The Telegraph
Thursday , May 8 , 2014
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Inquiry into sal tree felling

Borjhar, May 7: The Kamrup West forest division has initiated a probe into felling of sal trees in the Dighartari-Majartari area of Borduar reserve forest near Chandubi lake, about 60km from Guwahati.

Suspected timber smugglers have recently felled over 70 sal trees in the reserve forest which is under the jurisdiction of the Loharghat forest range.

The divisional forest officer of the Kamrup West forest division, B.C. Das, who had visited the site recently, said: “I have asked an assistant conservator of forest to conduct an inquiry into the incident. If any forest personnel is found guilty in this connection, strict action will be taken against him,” Das told this correspondent.

A group of senior forest officials of the forest division, including chief conservator of forests, Y. Suryanarayan, visited the site and found stumps of the sal trees.

Loharghat forest, spread over 11,062 hectares, comprises three reserve forests — Borduar, Mataikhar and Mayong Hills.

Residents also suspect a nexus between smugglers and forest officials that gives the former easy access to the trees inside Loharghat forest range.

In March last year, residents seized a timber-laden vehicle at Jimputa in Loharghat. A month later, members of the Borduar Bholagaon unit of the All Rabha Students’ Union caught three timber smugglers in the act and seized huge quantities of timber at Upper Muduki in Mayong Hills, 3km from Chandubi lake.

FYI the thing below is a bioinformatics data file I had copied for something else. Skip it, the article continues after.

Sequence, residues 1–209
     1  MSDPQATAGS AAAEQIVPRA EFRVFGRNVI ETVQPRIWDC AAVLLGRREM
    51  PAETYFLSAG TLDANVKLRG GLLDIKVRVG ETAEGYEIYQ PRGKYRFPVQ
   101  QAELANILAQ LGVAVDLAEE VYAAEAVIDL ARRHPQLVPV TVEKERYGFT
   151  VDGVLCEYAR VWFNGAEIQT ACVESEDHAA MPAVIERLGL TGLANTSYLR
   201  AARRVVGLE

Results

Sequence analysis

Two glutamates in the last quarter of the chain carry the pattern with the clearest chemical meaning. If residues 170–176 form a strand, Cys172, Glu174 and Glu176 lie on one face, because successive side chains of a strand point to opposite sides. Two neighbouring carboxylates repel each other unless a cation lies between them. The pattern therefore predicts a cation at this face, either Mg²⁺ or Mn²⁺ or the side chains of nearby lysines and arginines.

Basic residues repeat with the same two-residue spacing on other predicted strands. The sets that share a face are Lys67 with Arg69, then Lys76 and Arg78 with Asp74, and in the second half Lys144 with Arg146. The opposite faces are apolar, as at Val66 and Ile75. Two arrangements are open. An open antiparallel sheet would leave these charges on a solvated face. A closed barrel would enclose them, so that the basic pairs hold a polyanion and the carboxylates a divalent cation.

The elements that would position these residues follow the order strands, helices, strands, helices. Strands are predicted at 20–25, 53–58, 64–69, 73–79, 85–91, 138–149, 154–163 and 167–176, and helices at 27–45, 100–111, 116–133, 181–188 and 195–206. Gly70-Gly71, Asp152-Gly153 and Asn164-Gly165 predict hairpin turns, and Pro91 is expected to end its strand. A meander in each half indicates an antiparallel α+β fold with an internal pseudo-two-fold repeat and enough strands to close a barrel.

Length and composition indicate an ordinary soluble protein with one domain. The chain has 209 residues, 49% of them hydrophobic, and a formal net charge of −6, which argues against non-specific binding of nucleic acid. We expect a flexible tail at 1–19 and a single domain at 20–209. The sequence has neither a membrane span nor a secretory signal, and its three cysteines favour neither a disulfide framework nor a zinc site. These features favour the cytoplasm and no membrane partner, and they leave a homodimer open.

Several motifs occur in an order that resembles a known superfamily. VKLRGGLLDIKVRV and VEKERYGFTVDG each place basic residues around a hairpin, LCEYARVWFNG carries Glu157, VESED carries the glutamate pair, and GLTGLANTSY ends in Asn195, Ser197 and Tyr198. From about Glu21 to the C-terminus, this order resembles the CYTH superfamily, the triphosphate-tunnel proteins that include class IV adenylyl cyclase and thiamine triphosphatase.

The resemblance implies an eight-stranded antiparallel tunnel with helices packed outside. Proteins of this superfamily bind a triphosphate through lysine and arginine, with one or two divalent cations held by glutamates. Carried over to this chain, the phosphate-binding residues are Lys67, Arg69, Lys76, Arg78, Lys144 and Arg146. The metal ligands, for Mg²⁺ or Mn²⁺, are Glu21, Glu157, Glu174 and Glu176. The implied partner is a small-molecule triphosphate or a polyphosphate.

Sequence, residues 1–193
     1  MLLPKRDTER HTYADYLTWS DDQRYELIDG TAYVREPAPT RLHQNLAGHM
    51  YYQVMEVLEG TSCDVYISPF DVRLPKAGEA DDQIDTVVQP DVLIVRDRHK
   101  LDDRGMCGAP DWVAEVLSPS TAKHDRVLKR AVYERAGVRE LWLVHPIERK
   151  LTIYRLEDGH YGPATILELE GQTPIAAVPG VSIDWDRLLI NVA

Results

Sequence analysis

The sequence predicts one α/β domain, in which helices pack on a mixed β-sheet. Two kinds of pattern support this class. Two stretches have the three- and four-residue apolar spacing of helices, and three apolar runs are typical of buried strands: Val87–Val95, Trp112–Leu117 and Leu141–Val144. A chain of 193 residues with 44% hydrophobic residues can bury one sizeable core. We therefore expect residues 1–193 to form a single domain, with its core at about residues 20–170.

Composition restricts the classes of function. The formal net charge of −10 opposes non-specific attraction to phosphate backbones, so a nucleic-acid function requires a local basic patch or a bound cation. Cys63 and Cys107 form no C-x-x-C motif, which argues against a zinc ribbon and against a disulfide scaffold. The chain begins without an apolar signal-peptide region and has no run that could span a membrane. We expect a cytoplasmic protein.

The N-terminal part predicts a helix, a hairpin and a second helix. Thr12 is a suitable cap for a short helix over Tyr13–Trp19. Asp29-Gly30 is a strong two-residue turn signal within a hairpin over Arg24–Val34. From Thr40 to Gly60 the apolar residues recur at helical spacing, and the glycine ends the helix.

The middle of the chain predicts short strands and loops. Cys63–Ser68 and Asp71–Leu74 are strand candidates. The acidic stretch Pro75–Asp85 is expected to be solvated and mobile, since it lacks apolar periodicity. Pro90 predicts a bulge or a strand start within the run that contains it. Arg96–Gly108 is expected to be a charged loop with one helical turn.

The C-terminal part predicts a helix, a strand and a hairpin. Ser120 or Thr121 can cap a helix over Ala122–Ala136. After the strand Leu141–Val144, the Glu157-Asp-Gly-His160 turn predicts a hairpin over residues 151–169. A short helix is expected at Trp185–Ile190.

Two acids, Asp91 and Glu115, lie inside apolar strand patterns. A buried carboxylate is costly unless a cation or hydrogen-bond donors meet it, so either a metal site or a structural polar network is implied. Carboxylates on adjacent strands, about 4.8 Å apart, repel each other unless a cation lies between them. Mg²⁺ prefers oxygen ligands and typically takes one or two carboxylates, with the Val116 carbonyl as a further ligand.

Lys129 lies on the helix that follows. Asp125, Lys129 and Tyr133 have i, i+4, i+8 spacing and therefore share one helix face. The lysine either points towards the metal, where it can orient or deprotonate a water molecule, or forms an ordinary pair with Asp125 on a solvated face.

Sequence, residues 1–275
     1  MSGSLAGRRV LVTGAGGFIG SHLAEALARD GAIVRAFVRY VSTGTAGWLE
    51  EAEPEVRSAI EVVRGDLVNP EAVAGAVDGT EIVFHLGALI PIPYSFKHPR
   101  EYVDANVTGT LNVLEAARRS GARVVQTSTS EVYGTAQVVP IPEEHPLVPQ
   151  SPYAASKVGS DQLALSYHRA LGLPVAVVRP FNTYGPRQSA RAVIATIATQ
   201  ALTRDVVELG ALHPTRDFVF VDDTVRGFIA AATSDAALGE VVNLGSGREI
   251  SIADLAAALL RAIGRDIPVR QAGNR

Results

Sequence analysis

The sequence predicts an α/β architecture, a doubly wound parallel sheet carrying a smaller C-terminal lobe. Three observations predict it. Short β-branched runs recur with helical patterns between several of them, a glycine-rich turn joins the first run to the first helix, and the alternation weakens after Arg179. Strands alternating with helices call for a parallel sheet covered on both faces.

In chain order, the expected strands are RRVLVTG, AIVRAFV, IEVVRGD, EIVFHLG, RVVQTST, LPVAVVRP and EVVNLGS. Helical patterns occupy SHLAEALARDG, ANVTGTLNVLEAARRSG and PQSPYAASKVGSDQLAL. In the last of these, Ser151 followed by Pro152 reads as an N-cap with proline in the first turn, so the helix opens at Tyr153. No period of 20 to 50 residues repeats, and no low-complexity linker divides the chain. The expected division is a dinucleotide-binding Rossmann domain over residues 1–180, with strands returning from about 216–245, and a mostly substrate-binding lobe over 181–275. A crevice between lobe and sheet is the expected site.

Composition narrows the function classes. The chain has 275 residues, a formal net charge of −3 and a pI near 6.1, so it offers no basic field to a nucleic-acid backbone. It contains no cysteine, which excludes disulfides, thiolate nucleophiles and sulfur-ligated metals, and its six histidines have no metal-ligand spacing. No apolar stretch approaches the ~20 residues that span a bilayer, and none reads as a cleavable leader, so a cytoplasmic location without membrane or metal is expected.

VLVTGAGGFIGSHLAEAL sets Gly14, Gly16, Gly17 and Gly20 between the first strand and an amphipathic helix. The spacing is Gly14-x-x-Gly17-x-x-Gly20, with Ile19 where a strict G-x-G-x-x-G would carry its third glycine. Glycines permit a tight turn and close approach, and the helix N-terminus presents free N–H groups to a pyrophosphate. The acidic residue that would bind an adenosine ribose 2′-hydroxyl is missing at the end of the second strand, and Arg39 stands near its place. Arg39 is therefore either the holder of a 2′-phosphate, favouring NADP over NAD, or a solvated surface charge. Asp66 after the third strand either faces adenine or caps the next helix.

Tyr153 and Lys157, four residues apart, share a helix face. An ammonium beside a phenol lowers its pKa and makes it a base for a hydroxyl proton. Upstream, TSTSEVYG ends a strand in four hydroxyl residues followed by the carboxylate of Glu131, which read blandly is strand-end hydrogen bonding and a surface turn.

The Supreme Court has imposed a ban on timber felling in the northeastern region in a ruling in December 1996.

Despite the apex court ban, the rate of deforestation is alarming in Kamrup.

According to CAG report of 2009, 423.469 cubic metres of timbers were illegally felled in Kamrup in two years — 2006-2007 and 2007-2008. Of the felled timbers, a recovery measuring 249.795 cubic metres was reportedly made by the forest department.

According to Revised Working Plan for Kamrup Sal Forest, Assam, 1938-39, Kamrup sal forest is categorised into Kamrup alluvial sal, Khasi Hills sal, evergreen sal and mixed deciduous savannah. These four kinds of sal are predominantly found in the forest landscape under Kamrup West and East forests.